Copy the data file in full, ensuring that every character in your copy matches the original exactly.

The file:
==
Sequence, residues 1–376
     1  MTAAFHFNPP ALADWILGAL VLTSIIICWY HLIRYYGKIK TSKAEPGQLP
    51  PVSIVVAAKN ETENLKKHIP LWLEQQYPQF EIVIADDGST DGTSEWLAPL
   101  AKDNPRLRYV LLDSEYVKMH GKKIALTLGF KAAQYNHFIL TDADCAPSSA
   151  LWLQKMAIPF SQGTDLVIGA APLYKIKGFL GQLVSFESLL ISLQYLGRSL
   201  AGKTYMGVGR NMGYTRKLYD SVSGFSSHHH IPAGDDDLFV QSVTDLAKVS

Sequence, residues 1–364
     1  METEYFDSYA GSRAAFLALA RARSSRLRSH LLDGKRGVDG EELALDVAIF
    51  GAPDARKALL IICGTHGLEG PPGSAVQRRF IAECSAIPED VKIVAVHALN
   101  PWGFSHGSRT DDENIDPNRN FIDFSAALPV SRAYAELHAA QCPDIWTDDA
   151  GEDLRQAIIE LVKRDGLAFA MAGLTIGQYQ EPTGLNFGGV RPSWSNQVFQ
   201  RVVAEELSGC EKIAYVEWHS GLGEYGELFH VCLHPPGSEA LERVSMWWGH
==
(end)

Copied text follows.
Sequence, residues 1–376
     1  MTAAFHFNPP ALADWILGAL VLTSIIICWY HLIRYYGKIK TSKAEPGQLP
    51  PVSIVVAAKN ETENLKKHIP LWLEQQYPQF EIVIADDGST DGTSEWLAPL
   101  AKDNPRLRYV LLDSEYVKMH GKKIALTLGF KAAQYNHFIL TDADCAPSSA
   151  LWLQKMAIPF SQGTDLVIGA APLYKIKGFL GQLVSFESLL ISLQYLGRSL
   201  AGKTYMGVGR NMGYTRKLYD SVSGFSSHHH IPAGDDDLFV QSVTDLAKVS

Sequence, residues 1–364
     1  METEYFDSYA GSRAAFLALA RARSSRLRSH LLDGKRGVDG EELALDVAIF
    51  GAPDARKALL IICGTHGLEG PPGSAVQRRF IAECSAIPED VKIVAVHALN
   101  PWGFSHGSRT DDENIDPNRN FIDFSAALPV SRAYAELHAA QCPDIWTDDA
   151  GEDLRQAIIE LVKRDGLAFA MAGLTIGQYQ EPTGLNFGGV RPSWSNQVFQ
   201  RVVAEELSGC EKIAYVEWHS GLGEYGELFH VCLHPPGSEA LERVSMWWGH